Though she probably retains pop superstar status, Christina Aguilera’s only significant hits during the last decade have been collaborations and features: ‘Moves Like Jagger’ with Maroon 5, ‘Say Something’ with A Great Big World, ‘Feel This Moment’ with Pitbull. From 2011 to 2016, she was stuck “coaching” on the US version of The Voice, which seems to explain why this album is named ‘Liberation’. “Don’t try to tell me I’m crazy, it’s good pay, but it’s slavery,” she sings pretty questionably on a pointedly-titled track called ‘Sick Of Sittin”.
So, her first album in five-and-a-half years is designed to remind us that Aguilera is a singer and music-lover, not just an MOR TV personality. Instead of hopping nonchalantly between genres, as she did on 2002’s dazzling ‘Stripped’ (still her best album), she’s leaned into hip-hop and R&B and made a record that’s cohesive and surprisingly low-key, even when she allows herself to indulge in some vocal showboating. ‘Fall In Line’, her well-intentioned feminist duet with Demi Lovato, is just as gloriously unsubtle as you’d expect.
Aguilera’s knack for picking collaborators has always been underrated (she worked with Sia before other pop stars cottoned on) and here she’s recruited producers including Kanye West and Anderson .Paak to keep her beats tight. West contributes to lead single ‘Accelerate’, an infectiously off-kilter hip-hop track, and the melodramatic, Michael Jackson-sampling ‘Maria’. .Paak’s funk workout ‘Sick Of Sittin” crackles with palpable frustration, even if Aguilera is singing about her well-paid job on The Voice. Meanwhile, rising stars Julia Michaels and MNEK team up to co-write ‘Deserve’, a tender R&B bop that’s a definite highlight.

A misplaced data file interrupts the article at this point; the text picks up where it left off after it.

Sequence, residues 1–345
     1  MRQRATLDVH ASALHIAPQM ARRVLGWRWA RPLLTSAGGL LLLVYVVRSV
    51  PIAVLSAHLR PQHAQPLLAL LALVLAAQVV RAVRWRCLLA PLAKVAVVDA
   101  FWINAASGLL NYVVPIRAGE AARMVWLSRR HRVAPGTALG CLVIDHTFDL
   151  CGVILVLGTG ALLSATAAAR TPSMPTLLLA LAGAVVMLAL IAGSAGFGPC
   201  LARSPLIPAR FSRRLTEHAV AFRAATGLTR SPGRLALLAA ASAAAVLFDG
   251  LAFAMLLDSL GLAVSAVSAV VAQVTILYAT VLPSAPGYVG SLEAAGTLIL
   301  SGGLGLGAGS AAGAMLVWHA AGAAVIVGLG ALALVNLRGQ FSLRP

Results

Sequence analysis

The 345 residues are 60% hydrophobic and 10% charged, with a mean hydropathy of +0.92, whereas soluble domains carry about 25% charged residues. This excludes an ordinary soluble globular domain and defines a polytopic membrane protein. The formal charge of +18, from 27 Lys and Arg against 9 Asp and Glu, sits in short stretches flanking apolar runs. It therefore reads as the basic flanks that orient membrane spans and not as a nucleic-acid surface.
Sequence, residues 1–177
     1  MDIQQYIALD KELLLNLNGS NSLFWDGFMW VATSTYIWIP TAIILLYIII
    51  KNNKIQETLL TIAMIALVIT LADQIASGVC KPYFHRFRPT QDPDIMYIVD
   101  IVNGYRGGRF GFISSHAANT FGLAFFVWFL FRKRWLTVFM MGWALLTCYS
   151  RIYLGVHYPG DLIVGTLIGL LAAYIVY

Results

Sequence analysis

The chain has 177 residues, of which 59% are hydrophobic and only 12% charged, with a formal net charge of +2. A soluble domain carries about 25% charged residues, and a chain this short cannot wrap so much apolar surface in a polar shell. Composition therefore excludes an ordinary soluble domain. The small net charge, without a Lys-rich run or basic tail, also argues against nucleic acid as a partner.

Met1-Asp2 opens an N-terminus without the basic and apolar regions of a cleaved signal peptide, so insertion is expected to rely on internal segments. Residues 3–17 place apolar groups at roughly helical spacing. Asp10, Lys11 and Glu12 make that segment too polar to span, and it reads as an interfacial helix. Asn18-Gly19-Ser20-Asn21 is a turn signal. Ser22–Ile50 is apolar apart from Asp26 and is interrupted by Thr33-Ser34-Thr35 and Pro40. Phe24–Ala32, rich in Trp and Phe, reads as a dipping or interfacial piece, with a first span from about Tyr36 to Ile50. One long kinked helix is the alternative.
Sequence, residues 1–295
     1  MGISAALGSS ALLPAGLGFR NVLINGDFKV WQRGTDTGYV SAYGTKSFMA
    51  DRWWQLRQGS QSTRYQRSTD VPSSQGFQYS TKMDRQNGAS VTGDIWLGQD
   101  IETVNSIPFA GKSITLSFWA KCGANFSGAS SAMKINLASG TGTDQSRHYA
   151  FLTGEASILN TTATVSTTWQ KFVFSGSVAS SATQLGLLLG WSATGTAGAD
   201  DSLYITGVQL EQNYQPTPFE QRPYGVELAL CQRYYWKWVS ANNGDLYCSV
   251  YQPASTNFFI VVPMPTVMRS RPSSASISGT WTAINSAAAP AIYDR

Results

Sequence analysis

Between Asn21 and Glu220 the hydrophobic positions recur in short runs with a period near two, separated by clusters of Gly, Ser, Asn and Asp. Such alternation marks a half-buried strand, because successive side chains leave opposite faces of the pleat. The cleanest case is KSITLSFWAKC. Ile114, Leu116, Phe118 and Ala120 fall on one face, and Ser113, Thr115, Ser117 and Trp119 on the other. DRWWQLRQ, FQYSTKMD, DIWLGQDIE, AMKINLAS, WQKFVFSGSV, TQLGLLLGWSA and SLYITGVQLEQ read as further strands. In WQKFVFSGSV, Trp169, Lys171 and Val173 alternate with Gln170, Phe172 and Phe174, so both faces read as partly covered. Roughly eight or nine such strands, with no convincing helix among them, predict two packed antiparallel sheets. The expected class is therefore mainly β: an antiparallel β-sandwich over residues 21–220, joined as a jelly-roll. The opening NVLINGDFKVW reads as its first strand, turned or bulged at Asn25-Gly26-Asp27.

A decade-and-a-half after ‘Dirrty’, Aguilera still has a distinctive way of singing about sex. Reggae-flecked sex jam ‘Right Moves’ features the come-ons “On a glass table, love me somethin’ unstable” and “On a wood staircase, love me ’til I can’t think straight,” which makes you wonder if she’s getting ideas while flicking through a copy of Homes & Gardens. But at least she thinks about logistics when scheduling a hook-up. “I just sent a driver, he’s on his way,” she sings on ‘Pipe’, “Shouldn’t be no traffic this time on Saturday.”
Still, a few rum lyrics are part of the fun with Aguilera. ‘Liberation’ may lack the grand ambition and massive pop bangers of her glory days, but by the end, it’s hard to deny that she feels reasonably relevant and contemporary again.